Donald Trump’s threat to Indian IT is all bluster

The plain fact is Indians don’t take up jobs that should have gone to Americans. Rather they do the jobs not enough Americans are qualified to do


Donald Trump will have to look elsewhere when he seeks a punching bag for the unemployed youth in that country. Photo: AP
Donald Trump will have to look elsewhere when he seeks a punching bag for the unemployed youth in that country. Photo: AP

Does the election of Donald Trump as the next US president pose a threat to India’s IT industry? On several occasions during the course of his frenzied campaign the president elect blamed India for taking away jobs from Americans, pledging to bring them back if elected president. In one of his speeches he was more specific: “I want to scrap all H-1B visas”. It has been a constant theme for him. In his 2011 book Time To Get Tough, Trump advocated a 15% tax on US companies for outsourcing jobs to places like India.

Any such move would impact India’s massive $82 billion-worth of software services exports (figure for the financial year ending March 2015, according to the Reserve Bank of India) since a major chunk of that, 60%, came from the US.

Thankfully, much need not be read into Trump’s campaign rhetoric on the matter. Before he was elected, US president Barack Obama too had been equally vocal and unrelenting in his campaign against outsourcing, stating that his administration would offer tax benefits only to those firms which would create jobs in the country.

Once he was in office though, the natural order of outsourcing stayed in place and IT companies, despite occasional noises about the number of H1B visas available, got about their business as usual.

US job watchers too had other issues to focus on.

The Investigative Reporting Workshop, in coordination with ABC’s World News Tonight and the Watchdog Institute, gathered that money from the 2009 stimulus bill to help support the renewable energy industry largely went to creating jobs overseas. While the stimulus money did create dozens of jobs in the US, it ended up creating thousands more for countries like China.

Trump will have to look elsewhere when he seeks a punching bag for the unemployed youth in that country. Sadly, he will find that the problem lies within, in schools and colleges. As the world learnt at great cost, he knows his constituency better than anyone else. It comprises mostly young people who don’t have a college degree. That’s hardly the kind of person who could replace a trained engineer from India or anywhere else.

Despite the strong demand for software developers as well as high salaries on offer, the trend for computer science degrees as a percentage of all US college degrees awarded has been pretty flat over the last 30 years, stagnating at 2.76% in 2011 as compared to 2.2% in 1981, according to data from the National Center for Educational Statistics’ Digest of Educational Statistics. More recent data from the National Student Clearinghouse Research Center shows that only one in 12 American students pursue an undergraduate degree in computers science.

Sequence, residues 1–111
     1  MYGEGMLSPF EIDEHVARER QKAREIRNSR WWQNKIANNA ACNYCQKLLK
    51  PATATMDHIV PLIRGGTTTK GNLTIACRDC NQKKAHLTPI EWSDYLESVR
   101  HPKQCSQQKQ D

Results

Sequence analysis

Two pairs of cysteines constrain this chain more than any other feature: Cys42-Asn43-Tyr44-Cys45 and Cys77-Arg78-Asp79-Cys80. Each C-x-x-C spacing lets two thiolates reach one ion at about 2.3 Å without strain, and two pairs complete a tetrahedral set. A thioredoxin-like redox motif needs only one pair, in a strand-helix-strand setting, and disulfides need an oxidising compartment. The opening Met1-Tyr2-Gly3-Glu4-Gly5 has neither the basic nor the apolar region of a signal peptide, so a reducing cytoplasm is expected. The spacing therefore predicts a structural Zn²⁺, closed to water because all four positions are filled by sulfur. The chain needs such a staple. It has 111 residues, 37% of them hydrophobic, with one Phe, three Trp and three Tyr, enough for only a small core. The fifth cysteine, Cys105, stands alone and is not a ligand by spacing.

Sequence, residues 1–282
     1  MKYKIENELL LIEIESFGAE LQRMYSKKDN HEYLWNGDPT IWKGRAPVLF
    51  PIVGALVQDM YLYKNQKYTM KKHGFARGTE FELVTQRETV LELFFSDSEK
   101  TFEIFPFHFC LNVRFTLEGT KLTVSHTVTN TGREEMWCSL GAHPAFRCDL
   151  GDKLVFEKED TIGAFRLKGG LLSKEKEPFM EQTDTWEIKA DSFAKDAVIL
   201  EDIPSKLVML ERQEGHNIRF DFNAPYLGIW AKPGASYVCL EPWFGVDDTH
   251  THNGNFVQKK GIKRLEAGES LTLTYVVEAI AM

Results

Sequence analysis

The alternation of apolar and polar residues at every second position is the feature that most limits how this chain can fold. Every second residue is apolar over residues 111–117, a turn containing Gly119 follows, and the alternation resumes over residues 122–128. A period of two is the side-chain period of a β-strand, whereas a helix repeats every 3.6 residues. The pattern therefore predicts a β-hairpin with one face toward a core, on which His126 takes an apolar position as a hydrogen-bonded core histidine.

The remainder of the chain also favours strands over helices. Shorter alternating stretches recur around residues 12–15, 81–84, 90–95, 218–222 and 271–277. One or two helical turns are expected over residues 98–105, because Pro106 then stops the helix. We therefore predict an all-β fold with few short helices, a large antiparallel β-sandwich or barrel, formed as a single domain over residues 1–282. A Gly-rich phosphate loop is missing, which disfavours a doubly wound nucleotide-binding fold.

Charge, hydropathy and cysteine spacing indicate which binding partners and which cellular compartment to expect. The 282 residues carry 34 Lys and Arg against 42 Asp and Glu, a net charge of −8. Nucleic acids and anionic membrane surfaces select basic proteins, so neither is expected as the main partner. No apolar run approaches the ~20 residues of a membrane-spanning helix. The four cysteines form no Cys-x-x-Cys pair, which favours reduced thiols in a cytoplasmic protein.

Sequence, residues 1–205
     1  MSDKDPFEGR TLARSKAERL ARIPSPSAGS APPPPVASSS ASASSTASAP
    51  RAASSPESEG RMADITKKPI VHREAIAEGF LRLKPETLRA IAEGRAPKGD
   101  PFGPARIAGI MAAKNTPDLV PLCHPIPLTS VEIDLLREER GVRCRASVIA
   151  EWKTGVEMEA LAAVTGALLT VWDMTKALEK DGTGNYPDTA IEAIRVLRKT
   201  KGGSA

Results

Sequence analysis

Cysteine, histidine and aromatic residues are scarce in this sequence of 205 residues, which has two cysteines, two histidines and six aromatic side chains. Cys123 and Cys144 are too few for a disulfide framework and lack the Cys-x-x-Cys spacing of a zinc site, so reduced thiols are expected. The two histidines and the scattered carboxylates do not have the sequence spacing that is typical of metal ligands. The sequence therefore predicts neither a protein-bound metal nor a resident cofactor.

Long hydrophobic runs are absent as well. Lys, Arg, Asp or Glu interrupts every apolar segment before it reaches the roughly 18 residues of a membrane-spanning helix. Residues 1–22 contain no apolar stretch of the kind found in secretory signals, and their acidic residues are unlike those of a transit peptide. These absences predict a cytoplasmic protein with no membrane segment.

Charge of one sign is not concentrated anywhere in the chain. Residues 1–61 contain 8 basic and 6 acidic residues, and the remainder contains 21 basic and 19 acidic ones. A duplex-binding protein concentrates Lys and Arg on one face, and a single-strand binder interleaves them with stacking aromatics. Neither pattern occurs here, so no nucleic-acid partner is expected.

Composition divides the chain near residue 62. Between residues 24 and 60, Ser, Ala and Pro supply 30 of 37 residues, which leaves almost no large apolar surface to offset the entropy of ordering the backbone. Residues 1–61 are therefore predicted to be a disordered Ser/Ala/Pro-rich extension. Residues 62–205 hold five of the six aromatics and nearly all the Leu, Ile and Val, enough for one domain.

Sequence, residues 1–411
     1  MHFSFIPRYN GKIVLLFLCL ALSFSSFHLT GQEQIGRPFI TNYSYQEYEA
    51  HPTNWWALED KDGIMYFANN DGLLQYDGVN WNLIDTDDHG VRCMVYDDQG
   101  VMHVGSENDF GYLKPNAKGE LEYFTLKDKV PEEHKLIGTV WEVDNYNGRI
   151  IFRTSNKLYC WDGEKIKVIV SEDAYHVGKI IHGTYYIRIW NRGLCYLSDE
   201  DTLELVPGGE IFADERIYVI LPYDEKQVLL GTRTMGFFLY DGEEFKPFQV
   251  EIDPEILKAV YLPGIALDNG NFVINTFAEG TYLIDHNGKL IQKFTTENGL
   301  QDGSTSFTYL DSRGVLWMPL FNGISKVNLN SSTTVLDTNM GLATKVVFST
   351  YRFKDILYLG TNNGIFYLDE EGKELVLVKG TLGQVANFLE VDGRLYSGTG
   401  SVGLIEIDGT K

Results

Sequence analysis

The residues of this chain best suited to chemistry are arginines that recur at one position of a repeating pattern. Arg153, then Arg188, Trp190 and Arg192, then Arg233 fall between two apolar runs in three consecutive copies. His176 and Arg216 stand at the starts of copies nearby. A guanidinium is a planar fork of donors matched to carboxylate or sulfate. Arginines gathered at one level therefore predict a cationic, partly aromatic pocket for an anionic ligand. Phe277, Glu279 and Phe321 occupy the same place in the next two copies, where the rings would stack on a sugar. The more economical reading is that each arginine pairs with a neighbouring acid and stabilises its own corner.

Contrast that with students who arrive from other countries, primarily China, India and South Korea. At the undergraduate level, while international students during that same time period received 3.5% of all bachelor’s degrees, they received 10% of bachelor’s degrees in mathematics and statistics, 9% of bachelor’s degrees in mechanic and repair technologies, and 8% of bachelor’s engineering degrees. Parsing that data further, it is easy to see why an IBM or Accenture or even Apple gives its coveted jobs to Indians.

While the Chinese lead with 31% of all international students in the US, 28% of them were studying business and management and 20% were studying engineering. India sent the second highest number of students to the US, but 38% of them were studying engineering and 26% were studying math and computer science.

Up the academic ladder, the figures get even more skewed. According to data from the National Center for Education Statistics, international students earned 11.6% of all American doctoral degrees conferred during the 2012-13 academic year. More pertinently, they bag 57% of the doctoral degrees in engineering, 53% in computer and information sciences and 50% in mathematics and statistics.

The plain fact is Indians don’t take up jobs that should have gone to Americans.

Rather they do the jobs not enough Americans are qualified to do.

India’s IT and business process outsourcing (BPO) companies are already facing major challenges stemming from newer technologies such as automation and robotics. Client spends have also been going down for a variety of reasons. But Trump’s campaign threats are unlikely to cause too many worries.

Corporate America needs Indian engineers. If Trump wants evidence of that he need look no further than the two poster boys of US tech excellence, Google and Microsoft, both of which are headed by Indian engineers.

Sundeep Khanna is a consulting editor at Mint and oversees the newsroom’s corporate coverage. The Corporate Outsider will look at current issues and trends in the corporate sector every week.

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